In that same episode, despite the fact that they are all talking about old times, I think the word “doping” gets used once. That element of the past is talked around in various ways, mostly in words that amount to “the shit that happened.” At times it’s like listening to a teenager talk to his parents about sex, everything will be fine as long as no one uses the actual word.
This episode of The Forward is perhaps not the right one to dwell on. Most have nothing to do with cycling, and Lance’s array of guests are fascinating. He’s had people such as Neil deGrasse Tyson, Bill Burr and Bo Jackson on the show. I’m currently listening to his interview with Michael Franti (of Spearhead and Disposable Heroes Of Hiphoprisy fame), and it moved me almost to tears when Lance asked Michael about his doitforthelove foundation and the special moments it has created in the lives of terminally ill people. It shows a warmer more humanitarian side to Lance and so perhaps some of those old documentaries are “bullshit” after all. The episode with Freediver Tanya Streeter, features a long conversation about the damage that plastic is doing to our Oceans and I’m pretty sure that Lance isn’t faking his concern or the impact that Tanya’s documentary on the subject had on him. However the episode with Tanya and the episode with his old teammates do throw into the spotlight the distinct lack of women on the show, 3 in 50 episodes Tanya points out. That hints at an undercurrent of misogyny. That undercurrent threatens to surface when the old gang are together and Lance says “I’m not going to talk about podium girls.” It’s clear there’s a story there but it’s one that’s only for the bros in the frat house.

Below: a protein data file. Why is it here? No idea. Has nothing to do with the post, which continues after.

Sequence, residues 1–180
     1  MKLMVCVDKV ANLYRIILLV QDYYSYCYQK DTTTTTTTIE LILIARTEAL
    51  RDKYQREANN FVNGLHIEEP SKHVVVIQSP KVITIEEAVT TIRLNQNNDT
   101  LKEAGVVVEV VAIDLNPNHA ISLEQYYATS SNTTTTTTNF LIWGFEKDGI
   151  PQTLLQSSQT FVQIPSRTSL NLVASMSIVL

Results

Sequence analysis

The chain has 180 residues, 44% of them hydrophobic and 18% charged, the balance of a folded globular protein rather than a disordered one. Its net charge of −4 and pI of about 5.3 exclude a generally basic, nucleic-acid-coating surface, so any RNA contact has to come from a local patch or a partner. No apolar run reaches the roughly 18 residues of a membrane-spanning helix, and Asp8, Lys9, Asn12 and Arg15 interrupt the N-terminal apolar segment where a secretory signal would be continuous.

I actually don’t care if Lance wants to be misogynist on his own show, I just want him to be honest. My friend Huey Morgan is about to start his own podcast and he recently recorded an interview with Scroobius Pip, who is a prolific podcaster. Scroob told him to hold nothing back “the podcast is all you”. If people want to shout you down for your views and neither tolerate them or talk to you about them, then I’m normally of the opinion that it is they that have the bigger problem.